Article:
This Bacteria Causes Pain, Bloating and Diarrhea

February 11, 2020
For patients with H. pylori, doctors recommend a healthy diet, low in salt, spices, and fats.

Helicobacter pylori is a pathogen that can cause serious stomach problems. Among the primary symptoms are pain and a burning sensation in the abdomen, upper abdominal discomfort, and nausea, among others.

This bacteria is the most common cause of gastritis and gastroduodenal ulcers (peptic ulcers), according to the MSD Manual. 

It was first discovered and described in 1983 and caught public attention due to its aggressiveness upon infecting patients.

Spread by contact, H. Pylori immediately sets itself up in the stomach lining or duodenum, causing major problems.

In situations where hygienic methods are not always adequate, it’s easier for this bacteria to spread and affect people.

While it’s true that the incidence of infection is higher in these conditions, no one is safe from becoming ill and suffering from pain, bloating and diarrhea. What’s more, if someone doesn’t treat your illness properly, this could lead to chronic gastritis or dangerous ulcers.

How does Helicobacter Pylori spread?

A visual depiction of gut bacteria.

To date, doctors and scientists aren’t sure what causes these bacteria to spread into our bodies. However, they have some good information on relevant factors:

  • This bacteria is normally contracted during childhood. It’s during this stage that we’re most vulnerable to bacteria and infections.
  • Doctors tell us that almost 60% of the population already has this pathogen inside their bodies in its asymptomatic form. It can remain inside the body for a person’s entire life without causing any damage.
  • It’s transmitted by person-to-person contact and through contaminated water and food.
  • Some may never experience any symptoms, while others, upon reaching a certain age, will start to suffer from gastritis, gastric ulcers, pain, acid reflux, bloating and diarrhea.

Symptoms of H. Pylori infection

As we mentioned above, these bacteria often don’t present any symptoms or signs of discomfort at all.

If you want to know for sure whether this organism is inside you, you should consult your doctor. He or she will be able to conduct appropriate tests.

These tests consist of analyzing the patient’s breath after ingesting a liquid that contains a non-radioactive isotope. If the bacteria are present in the body, it will convert the liquid into carbon dioxide and ammonia.

The carbon dioxide passes into the blood and then the lungs excrete it. It’s here that your physician can detect it in the breath.

If you already suffer from digestive problems, your doctor may suggest an endoscopy to examine the lining of your stomach.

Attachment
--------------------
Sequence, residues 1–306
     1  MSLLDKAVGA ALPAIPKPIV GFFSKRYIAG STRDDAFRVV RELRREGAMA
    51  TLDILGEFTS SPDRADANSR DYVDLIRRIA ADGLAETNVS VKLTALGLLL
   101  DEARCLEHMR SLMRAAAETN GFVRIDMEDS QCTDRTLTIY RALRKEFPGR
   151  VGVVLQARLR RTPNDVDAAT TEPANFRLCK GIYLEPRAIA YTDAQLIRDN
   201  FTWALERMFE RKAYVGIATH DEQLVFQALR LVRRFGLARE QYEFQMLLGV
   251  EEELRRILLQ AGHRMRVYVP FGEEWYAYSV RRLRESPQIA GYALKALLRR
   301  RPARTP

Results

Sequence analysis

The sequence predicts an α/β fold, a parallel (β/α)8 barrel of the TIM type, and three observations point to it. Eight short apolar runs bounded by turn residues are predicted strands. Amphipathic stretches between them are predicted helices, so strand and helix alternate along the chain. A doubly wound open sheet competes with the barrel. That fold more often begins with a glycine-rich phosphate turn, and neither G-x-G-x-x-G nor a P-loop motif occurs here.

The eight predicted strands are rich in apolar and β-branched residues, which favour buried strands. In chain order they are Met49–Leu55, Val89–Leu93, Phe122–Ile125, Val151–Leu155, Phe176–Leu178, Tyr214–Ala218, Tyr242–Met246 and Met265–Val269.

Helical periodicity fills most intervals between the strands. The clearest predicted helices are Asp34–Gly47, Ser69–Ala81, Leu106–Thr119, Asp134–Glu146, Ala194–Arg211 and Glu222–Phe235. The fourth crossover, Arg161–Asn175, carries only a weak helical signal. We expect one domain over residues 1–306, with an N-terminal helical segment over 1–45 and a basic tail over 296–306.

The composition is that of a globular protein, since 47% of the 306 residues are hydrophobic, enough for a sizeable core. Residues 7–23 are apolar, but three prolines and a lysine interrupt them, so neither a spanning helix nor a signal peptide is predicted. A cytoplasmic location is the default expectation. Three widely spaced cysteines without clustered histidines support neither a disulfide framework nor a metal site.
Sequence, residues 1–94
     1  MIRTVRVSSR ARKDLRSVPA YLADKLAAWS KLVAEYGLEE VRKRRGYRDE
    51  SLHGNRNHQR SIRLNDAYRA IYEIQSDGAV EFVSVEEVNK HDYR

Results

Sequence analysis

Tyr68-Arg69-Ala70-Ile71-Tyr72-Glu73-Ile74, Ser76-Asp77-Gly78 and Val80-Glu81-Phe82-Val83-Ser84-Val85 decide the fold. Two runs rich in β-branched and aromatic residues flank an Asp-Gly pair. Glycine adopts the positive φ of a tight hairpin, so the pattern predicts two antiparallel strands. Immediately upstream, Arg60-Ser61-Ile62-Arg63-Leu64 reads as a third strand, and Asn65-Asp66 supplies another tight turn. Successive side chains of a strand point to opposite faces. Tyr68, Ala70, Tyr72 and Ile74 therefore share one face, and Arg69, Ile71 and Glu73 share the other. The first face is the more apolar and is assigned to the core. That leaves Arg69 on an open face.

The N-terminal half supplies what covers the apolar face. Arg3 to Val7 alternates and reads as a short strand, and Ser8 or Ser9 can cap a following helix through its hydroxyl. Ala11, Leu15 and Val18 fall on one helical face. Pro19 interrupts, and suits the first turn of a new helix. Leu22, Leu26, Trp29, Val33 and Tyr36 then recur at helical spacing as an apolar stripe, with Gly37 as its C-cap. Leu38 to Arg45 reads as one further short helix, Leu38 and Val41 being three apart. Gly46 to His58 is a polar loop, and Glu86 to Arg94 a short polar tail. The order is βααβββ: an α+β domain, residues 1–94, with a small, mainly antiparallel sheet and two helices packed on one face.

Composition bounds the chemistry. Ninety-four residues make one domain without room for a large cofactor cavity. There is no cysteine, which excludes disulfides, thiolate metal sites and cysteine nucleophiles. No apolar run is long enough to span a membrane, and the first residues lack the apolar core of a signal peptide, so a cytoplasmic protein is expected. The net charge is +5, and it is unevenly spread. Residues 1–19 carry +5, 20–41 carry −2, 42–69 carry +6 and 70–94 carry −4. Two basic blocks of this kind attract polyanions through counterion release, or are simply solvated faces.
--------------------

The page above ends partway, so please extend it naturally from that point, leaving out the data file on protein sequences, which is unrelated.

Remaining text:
Also read: Natural Remedies to Treat Gastritis

However, if this bacteria is present inside of you, certain problems are more likely to occur after age 40. These may give you a clue as to its presence:

  • Gas
  • Bad breath
  • Nausea and vomiting
  • Abdominal discomfort
  • Abdominal distension
  • Feeling like food doesn’t taste the same as before.
  • Feeling full even though you’ve eaten very little.
  • Dark stool or anemia (from ulcers causing damage to the stomach walls)

Treatment for Helicobacter Pylori

According to the MSD Manuel, infections caused by H. pylori are usually treated with antibiotics and a proton-pump inhibitor. The latter, combined with antibiotics, will help reduce acid production. Doctors sometimes also prescribe bismuth subsalicylate (Pepto Bismol).

General dietary recommendations

  • Avoid overeating.
  • Choose whole wheat flour instead of refined flours.
  • Eat slowly, and eat moderate portions. Eating 5-6 small meals a day can be helpful.
  • Rest for half an hour after eating a big meal. Don’t lie down.
  • Avoid beverages that might irritate your stomach, such as carbonated drinks, alcohol, citrus juice, and tomato juice.
  • Avoid fried food, battered food, salsas, spicy food, and fatty, oily food.
  • Grill, steam, bake or boil your food.
  • Drink enough water over the course of the day, 30 to 60 minutes before eating.
  • Eat less salt and spices to avoid irritating your stomach.
  • Avoid stimulants like coffee, chocolate, etc.

If you have questions about what you should be eating during your recovery, talk to your doctor.

  • Enroth, H., & Engstrand, L. (2016). Helicobacter pylori. In International Encyclopedia of Public Health. https://doi.org/10.1016/B978-0-12-803678-5.00200-9
  • Ota, H., Hayama, M., Kaneko, Y., Matsumoto, T., Kawakami, Y., Kumagai, T., … Katsuyama, T. (2006). Helicobacter pylori infection. Japanese Journal of Clinical Chemistry. https://doi.org/10.1093/jac/32.suppl_A.61
  • Park, S. F. (2006). Helicobacter pylori. In Emerging Foodborne Pathogens. https://doi.org/10.1533/9781845691394.2.429